How to Approach Aggressive Behavior
Some people with frontotemporal degeneration (FTD) may never experience a period of anger or aggressive behavior. Enough do however, that these symptoms can influence consideration for facility admission and may complicate care. A few people with FTD will become violent. It is essential that family and professional caregivers partner to find the right combination of environment, behavioral interventions and medications to ensure safety and maximize compassionate care.
Aggression in behavioral variant FTD
John Brown is a 56-year-old principal owner of a large farming operation in the Midwest. He lived with Mary, his wife of 36 years, on the main farm and two of his children also farm property owned by the family. He is a robust, easy-going, friendly man. Two years ago things started to change. John began buying properties in a luxury resort area and became sexually suggestive to women. He had an on-going affair with a woman and gave her thousands of dollars. Mary and her eldest son tried to complete taxes on the farms and found unexplained losses in excess of a million dollars. John was not able to provide an explanation so they pursued a diagnosis and learned he had behavioral variant FTD.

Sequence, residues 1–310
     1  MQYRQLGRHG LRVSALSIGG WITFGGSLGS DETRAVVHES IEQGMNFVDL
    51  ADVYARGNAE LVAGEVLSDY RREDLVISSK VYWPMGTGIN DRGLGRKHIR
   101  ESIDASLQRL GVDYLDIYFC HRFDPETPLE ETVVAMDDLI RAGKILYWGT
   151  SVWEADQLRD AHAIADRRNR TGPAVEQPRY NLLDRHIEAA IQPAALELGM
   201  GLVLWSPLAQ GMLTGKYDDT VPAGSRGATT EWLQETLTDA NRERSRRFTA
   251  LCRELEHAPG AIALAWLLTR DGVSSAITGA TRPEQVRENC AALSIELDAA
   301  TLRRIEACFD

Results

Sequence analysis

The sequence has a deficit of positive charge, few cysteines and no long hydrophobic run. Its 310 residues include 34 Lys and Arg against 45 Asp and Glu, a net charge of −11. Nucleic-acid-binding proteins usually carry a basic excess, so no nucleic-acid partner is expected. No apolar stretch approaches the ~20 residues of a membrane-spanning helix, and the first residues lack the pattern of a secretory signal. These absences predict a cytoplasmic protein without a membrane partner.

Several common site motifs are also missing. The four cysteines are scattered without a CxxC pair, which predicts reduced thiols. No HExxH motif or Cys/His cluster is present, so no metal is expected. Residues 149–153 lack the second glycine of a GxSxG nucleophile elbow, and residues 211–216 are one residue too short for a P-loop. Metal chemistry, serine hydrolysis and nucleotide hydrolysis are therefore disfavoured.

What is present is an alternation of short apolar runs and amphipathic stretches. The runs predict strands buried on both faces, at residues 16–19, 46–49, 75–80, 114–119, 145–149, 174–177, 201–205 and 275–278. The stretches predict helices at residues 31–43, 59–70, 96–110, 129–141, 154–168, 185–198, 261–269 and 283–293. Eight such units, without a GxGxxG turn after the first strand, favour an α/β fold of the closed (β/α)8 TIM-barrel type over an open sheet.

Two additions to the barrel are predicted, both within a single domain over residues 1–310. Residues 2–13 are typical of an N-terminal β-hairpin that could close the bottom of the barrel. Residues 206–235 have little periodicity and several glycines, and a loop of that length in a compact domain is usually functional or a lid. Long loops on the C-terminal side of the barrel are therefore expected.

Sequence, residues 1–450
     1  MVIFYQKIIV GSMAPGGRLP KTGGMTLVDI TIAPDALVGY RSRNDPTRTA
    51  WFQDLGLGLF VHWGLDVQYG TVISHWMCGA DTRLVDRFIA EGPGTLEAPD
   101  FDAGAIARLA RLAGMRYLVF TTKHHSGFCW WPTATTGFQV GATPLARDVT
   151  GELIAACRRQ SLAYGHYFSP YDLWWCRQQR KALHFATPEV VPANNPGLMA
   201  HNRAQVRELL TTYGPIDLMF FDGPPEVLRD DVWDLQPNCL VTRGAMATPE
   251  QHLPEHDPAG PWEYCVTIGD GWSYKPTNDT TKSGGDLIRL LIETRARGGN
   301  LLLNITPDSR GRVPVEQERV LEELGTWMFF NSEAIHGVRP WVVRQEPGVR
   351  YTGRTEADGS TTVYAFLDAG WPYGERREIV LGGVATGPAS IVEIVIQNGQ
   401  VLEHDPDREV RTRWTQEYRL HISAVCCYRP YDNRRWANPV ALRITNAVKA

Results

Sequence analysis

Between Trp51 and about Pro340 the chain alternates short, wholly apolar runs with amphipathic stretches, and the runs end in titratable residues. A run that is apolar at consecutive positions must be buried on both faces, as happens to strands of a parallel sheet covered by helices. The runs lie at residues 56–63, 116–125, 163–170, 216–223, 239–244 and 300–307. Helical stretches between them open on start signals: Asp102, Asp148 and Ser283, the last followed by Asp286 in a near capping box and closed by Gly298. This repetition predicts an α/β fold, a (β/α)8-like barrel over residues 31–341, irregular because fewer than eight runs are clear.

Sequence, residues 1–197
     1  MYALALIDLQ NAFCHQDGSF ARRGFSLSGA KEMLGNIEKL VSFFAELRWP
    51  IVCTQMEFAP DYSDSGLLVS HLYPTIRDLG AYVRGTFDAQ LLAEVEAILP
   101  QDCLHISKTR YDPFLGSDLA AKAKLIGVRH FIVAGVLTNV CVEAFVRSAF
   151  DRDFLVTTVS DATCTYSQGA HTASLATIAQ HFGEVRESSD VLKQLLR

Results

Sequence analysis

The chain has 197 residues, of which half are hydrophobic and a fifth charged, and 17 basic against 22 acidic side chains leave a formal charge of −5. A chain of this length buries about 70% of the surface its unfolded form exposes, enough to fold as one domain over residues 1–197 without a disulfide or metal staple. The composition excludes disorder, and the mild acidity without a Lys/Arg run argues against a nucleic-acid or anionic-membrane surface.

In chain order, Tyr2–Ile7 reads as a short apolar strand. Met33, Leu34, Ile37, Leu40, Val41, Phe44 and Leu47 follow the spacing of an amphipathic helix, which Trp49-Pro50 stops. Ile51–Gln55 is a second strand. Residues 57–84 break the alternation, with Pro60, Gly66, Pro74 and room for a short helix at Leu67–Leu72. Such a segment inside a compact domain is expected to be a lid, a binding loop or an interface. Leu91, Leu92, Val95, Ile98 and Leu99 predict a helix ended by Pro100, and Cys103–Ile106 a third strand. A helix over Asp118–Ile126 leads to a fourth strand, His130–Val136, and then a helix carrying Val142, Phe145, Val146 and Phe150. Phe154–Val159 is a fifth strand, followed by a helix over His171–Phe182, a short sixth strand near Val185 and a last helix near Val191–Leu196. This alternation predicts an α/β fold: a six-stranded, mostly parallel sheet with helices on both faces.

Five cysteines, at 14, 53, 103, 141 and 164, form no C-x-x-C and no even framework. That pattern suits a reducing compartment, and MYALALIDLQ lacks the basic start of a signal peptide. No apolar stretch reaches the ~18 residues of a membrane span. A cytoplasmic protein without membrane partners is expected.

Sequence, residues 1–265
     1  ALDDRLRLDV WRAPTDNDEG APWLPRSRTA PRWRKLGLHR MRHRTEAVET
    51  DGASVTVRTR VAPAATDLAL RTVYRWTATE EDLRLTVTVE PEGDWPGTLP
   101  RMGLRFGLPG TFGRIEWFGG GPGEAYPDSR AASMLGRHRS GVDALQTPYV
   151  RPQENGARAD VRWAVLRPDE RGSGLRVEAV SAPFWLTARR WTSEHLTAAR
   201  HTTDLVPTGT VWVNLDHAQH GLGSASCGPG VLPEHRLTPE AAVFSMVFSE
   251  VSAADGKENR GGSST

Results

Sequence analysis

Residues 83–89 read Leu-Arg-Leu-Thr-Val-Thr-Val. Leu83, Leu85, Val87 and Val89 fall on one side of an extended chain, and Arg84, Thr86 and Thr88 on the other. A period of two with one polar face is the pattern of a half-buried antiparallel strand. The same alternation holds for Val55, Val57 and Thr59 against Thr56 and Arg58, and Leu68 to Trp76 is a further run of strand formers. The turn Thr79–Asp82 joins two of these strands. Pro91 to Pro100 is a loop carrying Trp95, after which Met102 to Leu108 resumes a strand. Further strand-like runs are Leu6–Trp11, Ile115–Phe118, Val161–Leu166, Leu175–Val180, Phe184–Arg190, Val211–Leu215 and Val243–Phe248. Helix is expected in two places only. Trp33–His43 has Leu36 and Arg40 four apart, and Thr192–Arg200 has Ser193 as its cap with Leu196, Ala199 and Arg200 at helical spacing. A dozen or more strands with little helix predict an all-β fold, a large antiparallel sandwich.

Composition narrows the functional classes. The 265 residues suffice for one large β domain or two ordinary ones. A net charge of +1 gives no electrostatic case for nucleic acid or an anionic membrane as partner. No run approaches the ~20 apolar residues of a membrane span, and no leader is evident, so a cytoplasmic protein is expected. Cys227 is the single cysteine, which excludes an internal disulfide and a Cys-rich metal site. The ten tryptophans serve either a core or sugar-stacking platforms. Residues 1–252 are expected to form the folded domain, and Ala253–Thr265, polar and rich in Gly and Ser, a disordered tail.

The family was charged with stopping him from driving, traveling alone, spending, continuing the relationship with the mistress, as well as monitoring his hypersexuality. John had no insight into his condition. He became incensed about having his wife limit his activities and responded with rage. At first it was verbal but quickly escalated to threatening Mary physically. The children filed an affidavit with the county magistrate to have John admitted to a psychiatry unit because he was a danger to himself and others.
In the hospital, John was confused and did not understand what had happened. He made sexual advances to women patients and staff. He became aggressive with staff and another male resident. He was placed on quetiapine to calm his aggression and citalopram to suppress his libido. Between the medications and highly structured and low-stimulus environment, John did well and was ready for discharge in three weeks. Mary wanted to take John home because she felt he was much better, despite his anger towards her when she visited. Mary was strongly advised by all providers to place him in a facility.
Mary toured multiple facilities searching for one that would accept John and understand FTD. The assisted living facility (ALF) that she selected conducted a thorough preadmission assessment that included the family, psychiatric staff and John. They assessed emotional and behavioral symptoms common to FTD and noted helpful interventions.